A Surge Protector is Not Enough for Your Home Theater Equipment!
We all know that surge protectors are important. Even if you don’t live in areas where there are frequent outages (does such a magical land exist?) or lightning strikes, any power fluctuation can put your AV gear at risk. We all likely have a box of surge protectors somewhere and use them to expand the number of outlets as well as protect our electronics. But surge protectors are not enough for your home theater equipment. They work just fine for most electronics, but they are completely inadequate for your AV gear. Let’s discuss.
How Surge Protectors Work (and Fail)
In general, surge protectors divert excess electricity away from your gear into the grounding wire. If they are overtaxed, they may have a fuse that will sacrifice itself to protect your gear. A surge protector is sacrificial by nature. Even the ones without fuses can burn out with one strong surge. But what would you rather replace? A surge protector or your expensive home theater equipment?
This all sounds great in theory, but there are some problems. Low-quality surge protectors may not react fast enough to protect more sensitive electronic gear (like your home theater equipment). In addition, they may not be powerful enough to protect from the most powerful surges. Also, many will continue to provide power even after they have lost their fuse or their ability to divert surges. Some will have lights or indicators to let you know that your gear is no longer protected. But is that enough? How often do you look at your surge protectors?
Avenues of Ingress
“That’s fine,” you say. “I’ll just spend more and get a good surge protector (or maybe one of those fancy power conditioners) for my home theater equipment.”
That’s a great thought. But you can’t stop there. Your home theater has more avenues of ingress for surges than just the power cords. Most electronics plug into the wall. No other cables of any kind are attached. But think about your home theater equipment. How many cables are there? Tons! Everything is connected to everything else. Speakers to AV receiver, AV receiver to all your sources and display, and more.
If any of those devices are connected to the wall for power, you’ve defeated your surge protector. If any of those devices (specifically your cable box or modem) is connected to a wire that comes into your home from the outside, you’ve defeated your surge protector.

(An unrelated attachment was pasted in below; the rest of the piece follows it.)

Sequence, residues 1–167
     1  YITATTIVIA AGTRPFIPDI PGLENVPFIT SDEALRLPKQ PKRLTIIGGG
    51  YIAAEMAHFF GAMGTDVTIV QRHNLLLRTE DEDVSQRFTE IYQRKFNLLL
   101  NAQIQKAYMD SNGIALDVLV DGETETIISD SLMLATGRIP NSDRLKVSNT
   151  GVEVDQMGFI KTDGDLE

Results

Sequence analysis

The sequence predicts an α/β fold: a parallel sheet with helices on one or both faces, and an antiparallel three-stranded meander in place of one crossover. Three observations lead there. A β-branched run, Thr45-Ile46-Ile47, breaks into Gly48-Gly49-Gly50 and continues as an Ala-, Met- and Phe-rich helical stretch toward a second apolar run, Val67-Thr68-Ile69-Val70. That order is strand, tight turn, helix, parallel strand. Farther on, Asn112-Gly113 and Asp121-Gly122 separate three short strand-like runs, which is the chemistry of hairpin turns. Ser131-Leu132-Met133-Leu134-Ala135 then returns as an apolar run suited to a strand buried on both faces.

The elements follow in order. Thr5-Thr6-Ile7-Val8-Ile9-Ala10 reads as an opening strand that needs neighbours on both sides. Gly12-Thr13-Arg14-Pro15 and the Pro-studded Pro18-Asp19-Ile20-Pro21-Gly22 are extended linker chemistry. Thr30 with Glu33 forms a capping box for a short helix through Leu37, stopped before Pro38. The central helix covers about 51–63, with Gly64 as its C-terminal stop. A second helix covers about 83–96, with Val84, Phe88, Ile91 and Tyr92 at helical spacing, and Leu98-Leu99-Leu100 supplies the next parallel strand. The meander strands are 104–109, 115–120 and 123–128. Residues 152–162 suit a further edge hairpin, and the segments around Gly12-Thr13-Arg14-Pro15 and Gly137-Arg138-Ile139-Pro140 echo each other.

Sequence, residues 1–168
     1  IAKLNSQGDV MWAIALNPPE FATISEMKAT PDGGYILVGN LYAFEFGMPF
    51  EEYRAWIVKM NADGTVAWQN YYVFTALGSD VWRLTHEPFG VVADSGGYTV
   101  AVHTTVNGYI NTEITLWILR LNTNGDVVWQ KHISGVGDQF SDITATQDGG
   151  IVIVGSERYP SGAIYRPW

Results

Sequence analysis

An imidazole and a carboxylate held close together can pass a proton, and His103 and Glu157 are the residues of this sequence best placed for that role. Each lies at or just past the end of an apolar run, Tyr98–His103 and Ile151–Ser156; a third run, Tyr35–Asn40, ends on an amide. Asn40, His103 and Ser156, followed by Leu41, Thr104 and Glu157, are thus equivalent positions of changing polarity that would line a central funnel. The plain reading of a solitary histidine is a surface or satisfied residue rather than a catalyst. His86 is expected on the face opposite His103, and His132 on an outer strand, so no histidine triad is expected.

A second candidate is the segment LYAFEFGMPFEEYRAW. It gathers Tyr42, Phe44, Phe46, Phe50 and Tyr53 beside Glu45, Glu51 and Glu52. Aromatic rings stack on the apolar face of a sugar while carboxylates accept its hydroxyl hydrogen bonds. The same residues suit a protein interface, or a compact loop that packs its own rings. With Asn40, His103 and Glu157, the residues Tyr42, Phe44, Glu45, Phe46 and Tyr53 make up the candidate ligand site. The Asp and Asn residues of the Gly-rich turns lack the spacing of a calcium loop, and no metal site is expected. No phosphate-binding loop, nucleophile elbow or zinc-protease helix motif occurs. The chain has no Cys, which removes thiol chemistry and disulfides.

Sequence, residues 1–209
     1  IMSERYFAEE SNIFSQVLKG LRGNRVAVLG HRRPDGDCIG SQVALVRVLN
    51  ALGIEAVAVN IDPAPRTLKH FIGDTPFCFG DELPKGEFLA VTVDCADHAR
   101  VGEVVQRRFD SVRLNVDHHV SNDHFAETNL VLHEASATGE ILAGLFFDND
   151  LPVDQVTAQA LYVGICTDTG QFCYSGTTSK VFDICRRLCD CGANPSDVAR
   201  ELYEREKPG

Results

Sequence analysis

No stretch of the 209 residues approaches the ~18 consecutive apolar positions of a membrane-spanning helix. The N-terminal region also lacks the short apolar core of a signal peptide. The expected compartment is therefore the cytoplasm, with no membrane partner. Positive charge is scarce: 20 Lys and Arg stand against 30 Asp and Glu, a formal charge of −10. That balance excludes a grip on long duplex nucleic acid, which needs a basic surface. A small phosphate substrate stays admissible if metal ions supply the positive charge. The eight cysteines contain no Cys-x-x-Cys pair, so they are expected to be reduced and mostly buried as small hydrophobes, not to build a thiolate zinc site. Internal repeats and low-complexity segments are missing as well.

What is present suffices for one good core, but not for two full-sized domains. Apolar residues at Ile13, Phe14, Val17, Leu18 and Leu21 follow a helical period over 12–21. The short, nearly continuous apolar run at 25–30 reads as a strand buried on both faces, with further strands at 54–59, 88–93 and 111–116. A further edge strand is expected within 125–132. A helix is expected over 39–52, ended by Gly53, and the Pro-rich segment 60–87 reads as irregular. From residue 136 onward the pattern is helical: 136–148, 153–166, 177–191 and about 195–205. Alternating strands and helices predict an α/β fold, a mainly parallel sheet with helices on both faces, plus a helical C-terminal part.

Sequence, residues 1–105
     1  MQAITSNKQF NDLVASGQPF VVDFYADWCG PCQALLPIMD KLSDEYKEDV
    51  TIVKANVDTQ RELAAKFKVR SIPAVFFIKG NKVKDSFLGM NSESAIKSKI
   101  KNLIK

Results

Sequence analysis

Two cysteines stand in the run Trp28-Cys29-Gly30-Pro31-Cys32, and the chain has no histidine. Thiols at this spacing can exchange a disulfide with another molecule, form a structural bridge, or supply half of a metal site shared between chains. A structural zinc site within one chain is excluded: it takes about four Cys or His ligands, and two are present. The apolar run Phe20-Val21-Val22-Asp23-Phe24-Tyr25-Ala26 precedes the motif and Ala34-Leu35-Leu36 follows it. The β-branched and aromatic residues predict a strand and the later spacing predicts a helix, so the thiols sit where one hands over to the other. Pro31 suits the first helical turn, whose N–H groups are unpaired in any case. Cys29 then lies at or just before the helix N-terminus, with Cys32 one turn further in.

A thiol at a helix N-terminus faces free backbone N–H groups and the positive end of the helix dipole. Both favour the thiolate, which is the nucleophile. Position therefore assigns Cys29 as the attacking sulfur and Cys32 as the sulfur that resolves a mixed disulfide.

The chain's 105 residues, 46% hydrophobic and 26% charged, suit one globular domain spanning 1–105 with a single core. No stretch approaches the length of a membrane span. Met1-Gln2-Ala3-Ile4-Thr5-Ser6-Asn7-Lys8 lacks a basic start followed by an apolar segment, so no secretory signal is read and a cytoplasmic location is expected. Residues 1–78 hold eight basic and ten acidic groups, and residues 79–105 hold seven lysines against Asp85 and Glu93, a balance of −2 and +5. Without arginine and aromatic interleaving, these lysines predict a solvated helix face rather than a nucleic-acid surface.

But the Warranty?
Surge protectors often come with warranties. They’ll claim $10,000 or $100,000 or more of replacement cost. That sounds great in theory. But, as you’d expect, they are looking for any reason NOT to pay. If you didn’t protect every avenue of ingress for surges to get to your home theater equipment, they aren’t going to pay. If that surge came from your Internet or cable line, you can bet they are going to reject your claim
Electricity is like water. It will take the path of least resistance. Lightning doesn’t just strike power lines. It can surge through cable and telephone lines as well. And once it has bypassed your surge protector, it will bounce around your home theater equipment through all those cables that connect them together.
How To Protect Your Home Theater from Surges
First, buy a quality surge protector and make sure it is operating properly. Get something with a light on it or, better yet, get one that is designed to protect your home theater gear.
Next, make sure that every piece of gear that is attached to an external wire is protected. This includes your modem and cable box. Quality surge protectors and battery backups will include connections for coax cables. Your cable provider will tell you not to use these. DON’T LISTEN. They are worried (rightfully so) that you’ll experience signal loss. But a slightly weaker Internet or cable signal is better than losing all your gear in a lightning strike.
Lastly, whole home surge protectors are not enough protection for your home theater equipment. While they are generally more robust than surge protector power strips, they don’t do anything to protect you from surges from other avenues. While they may be a good solution so you don’t have to think about protecting every outlet, they aren’t enough.
Got a laptop or lamp or floor fan you want protected? A surge protector is fine for those jobs. But for your home theater equipment, you need to protect every avenue from surges. That includes your cable and Internet lines. Once you’ve done that, you should be as protected as you can be.
Thank you for explaining this, Tom.
I’ll have to look at our setup regarding the internet.
I have an OTA antenna inside our attic; is this something I need to be worried about? I don’t know if lightning is so strong to burn through the entire roof and then have enough juice to run through the coaxial cables. Then again, I might just be naive…
Anyway, thanks again for the well-written article.
I would not be worried about an antenna inside the house. If you had an old school one on the roof however…
Thanks for the response, Tom. Much appreciated.